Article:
Caring for others is great, as long as we are caring for ourselves in turn. Finding the balance between the two can be difficult. I firmly believe in the fact that every person, young and old, should be in talk therapy. We all have issues that we need a neutral person to help us work through. Whether it be from our past or something that we are currently going through, intense trauma, or disputes among colleagues, family, or friends, we all need someone who can help us put things into perspective and help us heal.

So, when all is said and done, be cautious of the dust that settles. Once you no longer have someone or something else taking up your undivided attention, it may be the time that your mind decides to perk up and remind you that it is needing some attention. Call around and find a trained therapist who can help you work through it. (I personally like to reach out to my local moms groups on Facebook to get recommendations for doctors and therapists) And if you don’t have any past or present traumas? Good for you! Still call and find a therapist. If anything else, it will be a mandatory self care hour. Something that we are all in desperate need of.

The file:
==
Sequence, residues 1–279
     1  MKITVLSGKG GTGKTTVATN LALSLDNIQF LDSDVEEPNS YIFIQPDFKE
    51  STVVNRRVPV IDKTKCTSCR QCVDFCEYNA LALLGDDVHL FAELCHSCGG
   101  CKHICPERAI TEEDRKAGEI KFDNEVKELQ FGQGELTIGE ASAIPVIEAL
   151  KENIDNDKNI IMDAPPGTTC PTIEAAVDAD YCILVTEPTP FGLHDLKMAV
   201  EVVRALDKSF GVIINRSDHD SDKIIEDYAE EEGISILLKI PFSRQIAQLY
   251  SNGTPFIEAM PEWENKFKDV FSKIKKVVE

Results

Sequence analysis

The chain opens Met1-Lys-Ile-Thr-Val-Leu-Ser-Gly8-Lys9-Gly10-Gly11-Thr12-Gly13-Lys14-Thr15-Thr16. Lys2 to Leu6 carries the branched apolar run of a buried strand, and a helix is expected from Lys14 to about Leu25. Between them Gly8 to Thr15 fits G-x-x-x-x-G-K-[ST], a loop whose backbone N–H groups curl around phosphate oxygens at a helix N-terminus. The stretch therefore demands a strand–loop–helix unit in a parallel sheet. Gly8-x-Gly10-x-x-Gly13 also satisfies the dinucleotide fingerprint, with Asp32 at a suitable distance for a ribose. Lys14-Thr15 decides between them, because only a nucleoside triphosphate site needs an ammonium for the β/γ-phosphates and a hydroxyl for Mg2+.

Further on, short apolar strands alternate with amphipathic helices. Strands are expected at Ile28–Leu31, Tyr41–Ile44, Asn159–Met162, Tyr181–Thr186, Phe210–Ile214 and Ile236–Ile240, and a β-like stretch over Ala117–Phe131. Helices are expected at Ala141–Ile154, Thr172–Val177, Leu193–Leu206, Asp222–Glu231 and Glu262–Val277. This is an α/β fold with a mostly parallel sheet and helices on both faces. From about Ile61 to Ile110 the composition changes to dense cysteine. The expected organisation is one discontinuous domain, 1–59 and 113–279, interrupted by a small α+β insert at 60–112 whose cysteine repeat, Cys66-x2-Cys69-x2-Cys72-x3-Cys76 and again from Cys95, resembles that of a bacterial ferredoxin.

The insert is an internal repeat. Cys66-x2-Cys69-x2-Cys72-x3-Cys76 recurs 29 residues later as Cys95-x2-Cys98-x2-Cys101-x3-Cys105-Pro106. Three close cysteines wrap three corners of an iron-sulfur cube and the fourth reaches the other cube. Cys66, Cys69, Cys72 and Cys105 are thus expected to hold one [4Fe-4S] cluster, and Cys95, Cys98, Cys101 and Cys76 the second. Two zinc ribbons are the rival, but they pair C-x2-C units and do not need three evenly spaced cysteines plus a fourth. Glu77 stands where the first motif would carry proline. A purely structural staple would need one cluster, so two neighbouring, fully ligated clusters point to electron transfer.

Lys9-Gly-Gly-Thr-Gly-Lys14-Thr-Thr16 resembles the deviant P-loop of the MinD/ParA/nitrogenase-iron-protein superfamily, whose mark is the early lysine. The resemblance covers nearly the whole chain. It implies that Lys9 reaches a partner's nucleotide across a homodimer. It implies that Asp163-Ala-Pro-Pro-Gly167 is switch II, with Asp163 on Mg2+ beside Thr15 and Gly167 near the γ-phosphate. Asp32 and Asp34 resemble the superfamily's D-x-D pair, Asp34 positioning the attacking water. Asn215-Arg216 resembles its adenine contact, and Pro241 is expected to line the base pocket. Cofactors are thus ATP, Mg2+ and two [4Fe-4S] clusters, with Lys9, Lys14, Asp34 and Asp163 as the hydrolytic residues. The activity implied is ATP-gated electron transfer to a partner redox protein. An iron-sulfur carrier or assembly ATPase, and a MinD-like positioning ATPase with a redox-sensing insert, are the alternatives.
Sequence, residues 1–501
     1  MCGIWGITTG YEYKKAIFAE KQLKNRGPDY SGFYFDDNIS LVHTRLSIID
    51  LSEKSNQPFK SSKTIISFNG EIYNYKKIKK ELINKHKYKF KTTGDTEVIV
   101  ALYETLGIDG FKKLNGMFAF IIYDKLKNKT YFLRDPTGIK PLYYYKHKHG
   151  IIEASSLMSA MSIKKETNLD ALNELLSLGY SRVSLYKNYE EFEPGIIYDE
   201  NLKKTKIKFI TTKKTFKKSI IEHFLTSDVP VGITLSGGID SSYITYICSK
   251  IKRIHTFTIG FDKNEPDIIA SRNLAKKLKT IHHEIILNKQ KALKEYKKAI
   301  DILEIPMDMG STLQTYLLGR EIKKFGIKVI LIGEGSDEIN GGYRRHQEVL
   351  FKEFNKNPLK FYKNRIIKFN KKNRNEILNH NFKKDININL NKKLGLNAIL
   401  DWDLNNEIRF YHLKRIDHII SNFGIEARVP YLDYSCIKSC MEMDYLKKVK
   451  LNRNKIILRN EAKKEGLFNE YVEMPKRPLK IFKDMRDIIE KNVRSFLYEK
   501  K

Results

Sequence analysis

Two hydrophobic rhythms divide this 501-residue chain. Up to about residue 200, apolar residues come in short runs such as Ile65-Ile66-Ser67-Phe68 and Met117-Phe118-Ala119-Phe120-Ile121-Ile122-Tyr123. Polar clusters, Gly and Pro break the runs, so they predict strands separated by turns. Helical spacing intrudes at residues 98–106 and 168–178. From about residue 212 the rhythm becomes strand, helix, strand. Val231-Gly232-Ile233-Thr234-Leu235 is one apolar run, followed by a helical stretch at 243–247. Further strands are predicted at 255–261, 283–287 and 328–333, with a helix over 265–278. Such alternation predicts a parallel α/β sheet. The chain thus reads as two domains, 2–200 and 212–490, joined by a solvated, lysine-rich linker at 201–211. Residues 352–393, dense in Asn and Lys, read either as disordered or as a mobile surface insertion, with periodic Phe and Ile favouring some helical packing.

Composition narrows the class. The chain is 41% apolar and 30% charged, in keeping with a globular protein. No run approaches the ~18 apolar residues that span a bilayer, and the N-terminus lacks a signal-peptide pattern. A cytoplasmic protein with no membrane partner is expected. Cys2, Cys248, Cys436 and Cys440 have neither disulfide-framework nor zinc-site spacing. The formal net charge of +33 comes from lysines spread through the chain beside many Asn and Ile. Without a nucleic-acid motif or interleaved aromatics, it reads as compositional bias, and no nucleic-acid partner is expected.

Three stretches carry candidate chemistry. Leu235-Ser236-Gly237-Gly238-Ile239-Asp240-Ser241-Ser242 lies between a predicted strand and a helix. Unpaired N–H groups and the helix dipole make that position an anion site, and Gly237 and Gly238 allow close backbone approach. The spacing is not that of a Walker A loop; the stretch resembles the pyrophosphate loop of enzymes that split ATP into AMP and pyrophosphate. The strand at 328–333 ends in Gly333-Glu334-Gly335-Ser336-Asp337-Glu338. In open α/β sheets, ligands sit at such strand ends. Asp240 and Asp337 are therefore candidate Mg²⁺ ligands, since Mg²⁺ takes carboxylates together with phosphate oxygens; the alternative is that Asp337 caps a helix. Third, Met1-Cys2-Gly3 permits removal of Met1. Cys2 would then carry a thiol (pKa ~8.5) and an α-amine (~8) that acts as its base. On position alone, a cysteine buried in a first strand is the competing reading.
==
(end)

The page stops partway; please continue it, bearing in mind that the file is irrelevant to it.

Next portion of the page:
-The Lazy Mama

Happy and Green

Every week my son has his behavioral therapy appointment. And I absolutely love her. Let me tell you why I love her so much. First, she helps give me ideas on how to help manage my sons aggression and teach him ways to learn impulse control. And second, she cares about how I am doing and allows me to talk about issues with myself and gives me the help I need to be a better parent to him.

I honestly believe that everyone should be seeing a therapist. Someone who you can talk to, vent to, and get help from with life’s difficult problems. And children have many problems in life. They may not seem very drastic to us as adults in comparison, but to them, they are just learning how to manage life and find out how to behave as a functional person in society. And sadly, a lot of kids struggle with this. Even as young as my 4.5 year old son.

Like I have mentioned before, Killian struggles with a lot of anger and aggression. Things started going much better after his schedule became more routine. Weekly OT, weekly BT (behavioral therapy), school every day for 2.5 hours, weekly chiropractic. Then around the beginning of December, he had to stop going to OT due to the therapist’s completely booked schedule. I don’t know how large of a role this played in his change but it was definitely on contributor. He had become more hostile and aggressive. He was angry and everything would set him off.